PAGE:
Understanding the Loneliness Experienced by Therapists

Therapists can have life changing impacts on their patients' mental health, but what toll does it take on their own mental wellbeing?
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Created by Marios Stamos

Published on Feb 19, 2024
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Fa Barboza, Unsplash

Feeling close to someone, like we belong somewhere is a basic human need.


The effects that loneliness has on the human psyche have often been underestimated. Yet, clinical and experimental evidence suggests that loneliness plays a fundamental role in our mental health.

If left untreated, it can take a serious toll on one’s mental and physical health.


Therapy provides a structured and supportive relationship, which can help mitigate feelings of loneliness. But there is no one-size-fits-all approach to addressing loneliness or social isolation, the effectiveness of therapy varies depending on the individual’s specific needs and circumstances.


But patients battling mental health problems aren’t the only ones affected by loneliness.
Therapists are often seen as real-life superheroes, they help us climb out of our darkest moments, and to us, their patients, it's almost like they're impervious to any trials and tribulations that may come their way. 

And while no one can deny how important their healing role is, they too are plagued by the same problems that we everyday folk deal with.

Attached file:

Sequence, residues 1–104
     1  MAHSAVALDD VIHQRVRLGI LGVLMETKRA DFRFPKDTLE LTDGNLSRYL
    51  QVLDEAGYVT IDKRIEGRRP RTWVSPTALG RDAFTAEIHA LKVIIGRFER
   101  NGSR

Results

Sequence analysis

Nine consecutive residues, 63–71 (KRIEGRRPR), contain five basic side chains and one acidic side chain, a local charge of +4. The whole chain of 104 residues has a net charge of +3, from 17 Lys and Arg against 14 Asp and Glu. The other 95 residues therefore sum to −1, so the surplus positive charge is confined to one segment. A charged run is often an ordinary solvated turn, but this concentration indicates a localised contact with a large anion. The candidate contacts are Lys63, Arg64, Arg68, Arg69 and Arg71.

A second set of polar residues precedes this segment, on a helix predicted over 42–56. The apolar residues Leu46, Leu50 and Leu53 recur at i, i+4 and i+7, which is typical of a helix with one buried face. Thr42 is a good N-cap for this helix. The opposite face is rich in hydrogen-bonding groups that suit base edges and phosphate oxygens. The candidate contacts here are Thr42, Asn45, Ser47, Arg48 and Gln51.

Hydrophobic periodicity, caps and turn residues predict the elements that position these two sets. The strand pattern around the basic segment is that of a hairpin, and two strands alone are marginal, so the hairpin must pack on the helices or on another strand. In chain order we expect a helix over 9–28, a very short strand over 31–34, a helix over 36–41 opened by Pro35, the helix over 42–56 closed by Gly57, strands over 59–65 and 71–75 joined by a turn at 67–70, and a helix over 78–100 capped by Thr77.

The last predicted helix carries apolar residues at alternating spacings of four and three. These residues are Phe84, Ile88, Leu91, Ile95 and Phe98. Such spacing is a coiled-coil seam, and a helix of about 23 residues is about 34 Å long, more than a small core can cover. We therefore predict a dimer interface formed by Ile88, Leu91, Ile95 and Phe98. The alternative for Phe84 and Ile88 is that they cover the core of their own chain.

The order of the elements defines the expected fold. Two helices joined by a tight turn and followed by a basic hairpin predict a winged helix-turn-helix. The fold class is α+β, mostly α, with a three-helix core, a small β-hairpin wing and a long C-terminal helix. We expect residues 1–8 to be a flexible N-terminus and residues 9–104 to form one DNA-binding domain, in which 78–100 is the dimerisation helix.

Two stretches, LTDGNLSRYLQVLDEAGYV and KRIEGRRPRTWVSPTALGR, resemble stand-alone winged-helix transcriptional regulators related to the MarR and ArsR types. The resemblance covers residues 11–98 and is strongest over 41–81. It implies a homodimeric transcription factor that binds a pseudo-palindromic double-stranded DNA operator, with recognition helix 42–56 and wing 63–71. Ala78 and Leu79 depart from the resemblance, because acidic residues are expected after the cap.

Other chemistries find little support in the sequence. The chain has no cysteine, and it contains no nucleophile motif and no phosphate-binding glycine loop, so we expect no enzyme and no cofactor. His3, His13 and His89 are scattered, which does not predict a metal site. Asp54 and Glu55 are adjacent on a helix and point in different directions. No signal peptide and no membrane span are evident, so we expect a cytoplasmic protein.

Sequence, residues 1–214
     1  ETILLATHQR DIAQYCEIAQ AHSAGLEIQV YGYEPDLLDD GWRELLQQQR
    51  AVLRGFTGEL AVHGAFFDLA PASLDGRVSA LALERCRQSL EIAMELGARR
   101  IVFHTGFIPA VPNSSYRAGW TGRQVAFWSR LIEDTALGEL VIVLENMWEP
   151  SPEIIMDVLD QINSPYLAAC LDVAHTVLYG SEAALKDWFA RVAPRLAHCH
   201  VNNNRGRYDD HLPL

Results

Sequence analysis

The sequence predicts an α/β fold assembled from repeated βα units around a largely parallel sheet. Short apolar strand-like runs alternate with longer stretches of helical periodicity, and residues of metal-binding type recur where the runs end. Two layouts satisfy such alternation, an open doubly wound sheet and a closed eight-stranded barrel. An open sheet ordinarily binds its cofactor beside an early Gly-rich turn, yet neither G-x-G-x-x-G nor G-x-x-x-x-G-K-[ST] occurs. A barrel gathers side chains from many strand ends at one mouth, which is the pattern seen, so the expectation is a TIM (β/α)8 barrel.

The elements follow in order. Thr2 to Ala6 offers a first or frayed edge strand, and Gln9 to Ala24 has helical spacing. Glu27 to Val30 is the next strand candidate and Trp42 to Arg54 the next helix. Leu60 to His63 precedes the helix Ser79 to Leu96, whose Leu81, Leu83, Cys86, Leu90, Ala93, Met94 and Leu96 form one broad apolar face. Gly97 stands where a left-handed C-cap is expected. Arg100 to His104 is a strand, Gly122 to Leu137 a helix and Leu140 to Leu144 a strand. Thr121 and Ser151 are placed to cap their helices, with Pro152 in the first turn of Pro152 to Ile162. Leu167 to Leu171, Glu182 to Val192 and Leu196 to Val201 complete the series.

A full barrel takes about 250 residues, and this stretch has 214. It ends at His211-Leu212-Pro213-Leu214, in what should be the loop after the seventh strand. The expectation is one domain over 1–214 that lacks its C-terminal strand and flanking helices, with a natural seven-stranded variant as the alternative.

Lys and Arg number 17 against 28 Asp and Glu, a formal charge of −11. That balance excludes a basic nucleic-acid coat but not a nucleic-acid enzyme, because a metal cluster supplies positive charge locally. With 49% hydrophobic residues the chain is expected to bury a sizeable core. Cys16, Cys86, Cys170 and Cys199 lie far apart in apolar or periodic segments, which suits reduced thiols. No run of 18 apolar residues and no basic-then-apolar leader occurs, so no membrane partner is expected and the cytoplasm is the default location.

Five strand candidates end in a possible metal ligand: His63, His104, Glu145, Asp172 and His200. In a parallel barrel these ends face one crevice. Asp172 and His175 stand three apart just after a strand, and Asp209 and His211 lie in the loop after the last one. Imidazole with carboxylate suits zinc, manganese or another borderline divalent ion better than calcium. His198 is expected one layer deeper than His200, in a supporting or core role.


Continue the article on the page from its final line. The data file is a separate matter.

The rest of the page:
Gazing into a person's psyche can take a toll even on the best-trained professionals. 

According to Sandra Buechler, a patient with narcissistic personality disorder may make the therapist feel that they have lost their capacity for empathy.

If their patient is suffering from schizophrenia, the therapist may feel a sense of emptiness, loss of meaning, and hopelessness.

If their patient has a borderline personality disorder, the therapist may feel that they have lost their identity, that they are not their usual self, or that they're tormenting their patient with the structure and boundaries of the therapeutic framework.

It is not uncommon for the therapist to adopt a paranoid attitude, and treat the client's pathology as a personal enemy. It’s possible that they feel the need to completely eliminate their patient’s pathology. 

When faced with such unrealistic expectations, it's no wonder that the therapist feels alienated and helpless.

The therapists' loneliness is rooted in the very nature of their work. They are constantly faced with their own countertransference, which they must process both during and after sessions. This can be an isolating and challenging experience.

Benjamin Garber suggests that child therapists feel an even greater sense of isolation in their work. 

It could be because the children they work with may not talk much, which can make it tricky to understand their thoughts and feelings.

Or, they may feel the need to overprotect their patient from their parents and have to stop them from interfering with their work. 

Therapy can be a powerful force for healing, but it is important for the therapist to thoroughly consider risks to their own mental health when dealing with a particular client. This can help them make informed decisions about their treatment and to be better prepared for any challenges that may arise. 

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